VIENNA : International Narcotics Control Board expresses concern over the trend to legalize non-medical use of cannabis, which contravenes the 1961 Single Convention on Narcotic Drugs.
In its 2022 Annual Report, the International Narcotics Control Board notes that the 1961 Single Convention on Narcotic Drugs classified cannabis as highly addictive and liable to abuse, and that any non-medical or non-scientific use of cannabis contravenes the Convention.
Expresses concern that this trend among a small number of governments is leading to higher consumption, negative health effects and psychotic disorders. Notes with concern that the growing cannabis industry advertises products, particularly to young people, in ways that lower the perception of risk involved in using them. Finds the impact of legalizing cannabis on society difficult to measure because legislative models vary from country to country and data is still limited.
Voices concern that many countries continue to have difficulties procuring enough controlled substances for medical treatment, including during emergency situations, highlights the importance of timely emergency legislation to expedite access to controlled medicines during humanitarian emergencies.
In a supplementary report, “No Patient Left Behind: Progress in Ensuring Adequate Access to Internationally Controlled Substances for Medical and Scientific Purposes”, INCB makes a set of recommendations to Governments to improve the availability of these essential medicines.
INCB warns about surging illicit cocaine production and trafficking. Larger quantities of cocaine with high levels of purity have become available at cheaper prices due to a surge in production and trafficking of cocaine. This is linked to changing criminal activity in locations where coca bush is grown. In addition, trafficking organizations are moving cocaine processing to Europe, which accounted for six of the 15 cocaine processing laboratories discovered globally. Global action required to address trafficking in synthetic opioids and opioid overdose epidemic.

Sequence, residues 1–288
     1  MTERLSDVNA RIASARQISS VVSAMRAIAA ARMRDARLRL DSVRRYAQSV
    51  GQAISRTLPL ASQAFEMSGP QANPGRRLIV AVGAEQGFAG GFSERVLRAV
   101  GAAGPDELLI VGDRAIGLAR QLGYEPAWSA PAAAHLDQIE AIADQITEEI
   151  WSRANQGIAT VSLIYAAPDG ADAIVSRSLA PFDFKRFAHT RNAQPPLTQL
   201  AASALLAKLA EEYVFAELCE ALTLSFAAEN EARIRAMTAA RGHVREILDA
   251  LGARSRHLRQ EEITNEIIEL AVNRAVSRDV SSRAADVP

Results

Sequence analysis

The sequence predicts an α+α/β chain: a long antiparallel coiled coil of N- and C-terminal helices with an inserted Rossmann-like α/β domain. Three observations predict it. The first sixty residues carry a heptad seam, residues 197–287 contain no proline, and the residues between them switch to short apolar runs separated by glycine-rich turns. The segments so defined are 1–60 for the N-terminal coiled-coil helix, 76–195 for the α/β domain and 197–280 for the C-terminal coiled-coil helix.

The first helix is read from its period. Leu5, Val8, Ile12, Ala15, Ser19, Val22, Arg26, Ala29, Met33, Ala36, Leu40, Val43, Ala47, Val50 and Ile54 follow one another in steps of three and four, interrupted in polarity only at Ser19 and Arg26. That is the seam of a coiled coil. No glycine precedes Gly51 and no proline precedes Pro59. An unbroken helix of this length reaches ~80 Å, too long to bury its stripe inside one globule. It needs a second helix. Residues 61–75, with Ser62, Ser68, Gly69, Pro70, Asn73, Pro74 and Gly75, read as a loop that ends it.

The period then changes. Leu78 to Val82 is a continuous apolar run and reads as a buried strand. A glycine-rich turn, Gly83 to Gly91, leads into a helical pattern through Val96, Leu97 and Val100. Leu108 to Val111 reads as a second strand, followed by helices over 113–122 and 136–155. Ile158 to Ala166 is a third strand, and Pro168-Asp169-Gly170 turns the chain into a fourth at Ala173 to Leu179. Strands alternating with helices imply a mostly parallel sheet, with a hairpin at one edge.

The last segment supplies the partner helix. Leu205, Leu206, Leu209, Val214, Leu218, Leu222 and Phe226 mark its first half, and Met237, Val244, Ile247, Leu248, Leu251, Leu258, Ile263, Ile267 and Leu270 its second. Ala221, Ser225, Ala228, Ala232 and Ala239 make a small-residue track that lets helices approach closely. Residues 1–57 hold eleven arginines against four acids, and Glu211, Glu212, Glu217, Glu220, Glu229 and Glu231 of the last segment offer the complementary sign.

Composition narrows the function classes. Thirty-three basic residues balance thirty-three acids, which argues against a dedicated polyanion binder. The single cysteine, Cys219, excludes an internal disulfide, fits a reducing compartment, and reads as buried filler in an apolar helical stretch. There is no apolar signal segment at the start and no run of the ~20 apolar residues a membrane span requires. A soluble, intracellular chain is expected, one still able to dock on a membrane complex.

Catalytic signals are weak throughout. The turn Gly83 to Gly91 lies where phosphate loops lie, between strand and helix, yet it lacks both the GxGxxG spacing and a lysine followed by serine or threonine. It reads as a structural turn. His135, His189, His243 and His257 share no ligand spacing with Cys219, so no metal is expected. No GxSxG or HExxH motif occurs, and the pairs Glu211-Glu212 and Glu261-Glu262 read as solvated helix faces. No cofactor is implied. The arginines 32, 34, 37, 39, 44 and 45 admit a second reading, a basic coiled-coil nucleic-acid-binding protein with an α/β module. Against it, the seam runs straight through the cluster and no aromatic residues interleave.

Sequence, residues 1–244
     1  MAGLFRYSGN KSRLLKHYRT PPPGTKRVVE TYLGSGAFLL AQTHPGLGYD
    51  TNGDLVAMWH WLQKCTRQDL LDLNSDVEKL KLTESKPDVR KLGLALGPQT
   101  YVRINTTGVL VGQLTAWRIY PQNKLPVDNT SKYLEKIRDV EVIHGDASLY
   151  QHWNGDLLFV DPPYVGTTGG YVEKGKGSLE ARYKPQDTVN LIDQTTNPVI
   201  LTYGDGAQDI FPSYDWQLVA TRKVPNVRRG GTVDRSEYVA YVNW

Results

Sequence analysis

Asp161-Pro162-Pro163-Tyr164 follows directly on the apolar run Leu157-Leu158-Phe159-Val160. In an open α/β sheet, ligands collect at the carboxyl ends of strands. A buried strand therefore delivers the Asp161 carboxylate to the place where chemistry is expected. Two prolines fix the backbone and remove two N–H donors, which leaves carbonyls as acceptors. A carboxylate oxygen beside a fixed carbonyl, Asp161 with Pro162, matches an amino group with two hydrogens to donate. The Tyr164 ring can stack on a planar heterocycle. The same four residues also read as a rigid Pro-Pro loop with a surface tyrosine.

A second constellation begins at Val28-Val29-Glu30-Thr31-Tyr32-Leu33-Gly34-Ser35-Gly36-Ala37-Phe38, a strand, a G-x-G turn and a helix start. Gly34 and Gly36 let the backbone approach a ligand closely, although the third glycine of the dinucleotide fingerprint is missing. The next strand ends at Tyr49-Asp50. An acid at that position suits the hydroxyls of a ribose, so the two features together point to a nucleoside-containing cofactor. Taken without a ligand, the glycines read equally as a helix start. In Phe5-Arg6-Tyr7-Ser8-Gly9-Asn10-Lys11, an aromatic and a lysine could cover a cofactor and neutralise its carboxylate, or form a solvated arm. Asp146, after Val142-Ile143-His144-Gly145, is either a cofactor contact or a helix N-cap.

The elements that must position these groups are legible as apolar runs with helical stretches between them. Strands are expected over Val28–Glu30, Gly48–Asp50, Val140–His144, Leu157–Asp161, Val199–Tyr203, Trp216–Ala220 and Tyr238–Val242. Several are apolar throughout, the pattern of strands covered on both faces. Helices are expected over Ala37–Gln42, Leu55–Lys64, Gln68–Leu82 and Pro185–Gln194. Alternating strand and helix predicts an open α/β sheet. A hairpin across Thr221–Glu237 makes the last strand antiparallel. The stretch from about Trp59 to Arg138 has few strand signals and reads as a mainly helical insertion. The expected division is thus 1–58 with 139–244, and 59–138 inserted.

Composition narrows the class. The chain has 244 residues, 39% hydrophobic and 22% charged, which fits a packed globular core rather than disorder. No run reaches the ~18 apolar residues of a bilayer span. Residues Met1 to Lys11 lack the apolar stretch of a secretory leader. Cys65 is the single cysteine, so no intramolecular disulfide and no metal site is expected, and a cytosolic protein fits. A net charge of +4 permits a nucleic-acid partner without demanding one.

The opioid epidemic and drug overdose crisis in North America has worsened due to illicit manufacture of and trafficking in synthetic opioids. Trafficking in fentanyl and other dangerous opioids is expanding to Oceania. INCB’s Global Rapid Interdiction of Dangerous Substances (GRIDS) Programme is building capacity and supporting cooperation among law enforcement authorities to prevent these and other dangerous substances from reaching consumer markets.
INCB is concerned about the increasing use of non-scheduled chemicals and designer precursors in illicit drug manufacture, with a high number of seizures reported in 67 countries on five continents. INCB warns Member States about increased trafficking of non-scheduled substances and the speed with which the illicit drug industry circumvents international controls. INCB calls for more precursor control to achieve more secure trade for the legitimate chemical industry.